UPDATED: Easter Sunday Trading
General / 25 March 2018
In 2016, the Government made changes to the Shop Trading Hours Act 1990 (Act) to enable city and district Councils to make decisions on whether shops in their districts could open on Easter Sunday or not.
Many Councils have decided to allow shops in their district to open on Easter Sunday, click on link here to identify all Councils in New Zealand which allow shops to open on Easter Sunday,
What is a Shop?
Section two of the Act defines a shop as a building, place, or part of a building or place, where goods are kept, sold, or offered for sale, by retail; and includes an auction mart, and a barrow, stall, or other subdivision of a market; but does not include—
(a) a private home where the owner or occupier’s effects are being sold (by auction or otherwise);
(b) a building or place where the only business carried on is that of selling by auction agricultural products, pastoral products, and livestock, or any of them; or
(c) a building or place where the only business carried on is that of selling goods to people who are dealers, and buy the goods to sell them again.
Are there any other restrictions to be aware of?
If an employer wants to open their shop on Easter Sunday, or undertake non-trading activities such as restocking shelves or a stock- take then every year they are obliged to give employees at least four weeks notice in writing of this. The notice must also advise employees that they can refuse to work on Easter Sunday.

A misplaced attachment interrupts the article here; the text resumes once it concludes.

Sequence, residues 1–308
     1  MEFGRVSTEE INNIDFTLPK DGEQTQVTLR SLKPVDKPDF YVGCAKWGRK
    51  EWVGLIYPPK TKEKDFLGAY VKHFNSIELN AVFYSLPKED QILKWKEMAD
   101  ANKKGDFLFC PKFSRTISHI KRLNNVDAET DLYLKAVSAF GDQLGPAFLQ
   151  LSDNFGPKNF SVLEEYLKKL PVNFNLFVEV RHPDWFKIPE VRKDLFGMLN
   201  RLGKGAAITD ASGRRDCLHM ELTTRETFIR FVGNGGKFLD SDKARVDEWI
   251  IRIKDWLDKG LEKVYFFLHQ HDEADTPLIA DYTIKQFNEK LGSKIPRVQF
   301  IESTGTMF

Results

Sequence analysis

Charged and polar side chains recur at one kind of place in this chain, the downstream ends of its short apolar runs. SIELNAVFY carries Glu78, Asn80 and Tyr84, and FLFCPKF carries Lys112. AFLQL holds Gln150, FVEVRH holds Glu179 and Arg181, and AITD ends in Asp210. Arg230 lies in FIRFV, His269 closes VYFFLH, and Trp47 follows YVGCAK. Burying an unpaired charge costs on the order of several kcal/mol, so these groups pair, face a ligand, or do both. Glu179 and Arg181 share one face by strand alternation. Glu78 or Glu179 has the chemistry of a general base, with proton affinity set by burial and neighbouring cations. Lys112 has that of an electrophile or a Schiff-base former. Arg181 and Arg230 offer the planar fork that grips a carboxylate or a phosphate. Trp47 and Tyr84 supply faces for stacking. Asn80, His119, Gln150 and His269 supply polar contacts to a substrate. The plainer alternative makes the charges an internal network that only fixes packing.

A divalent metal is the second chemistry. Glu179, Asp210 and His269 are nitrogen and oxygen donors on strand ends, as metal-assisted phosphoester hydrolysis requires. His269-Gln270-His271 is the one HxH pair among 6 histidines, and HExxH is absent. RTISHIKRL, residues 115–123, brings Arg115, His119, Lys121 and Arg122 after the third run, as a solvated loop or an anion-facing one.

In 2018, this notice should be provided to employees no later than 4 March 2018.
If a shop employee intends to refuse to work on Easter Sunday, they must give the employer 14 days written notice of this. Employees are not required to provide a reason for their refusal.
Employers cannot force employees to work on Easter Sunday nor treat them adversely because of their refusal to work on Easter Sunday. If they do so, the employee can take out a personal grievance.
You should also be aware that Easter Sunday is not recognised as a public holiday under the Holidays Act 2003, therefore an employee will not be entitled to time and a half and/or an alternative holiday unless specified in the relevant employment agreement.
If you would like to know more about how this might impact your business, please contact us.
Disclaimer: We remind you that while this article provides commentary on employment law and health and safety topics, it should not be used as a substitute for legal or professional advice for specific situations. Please seek legal advice from your lawyer for any questions specific to your workplace.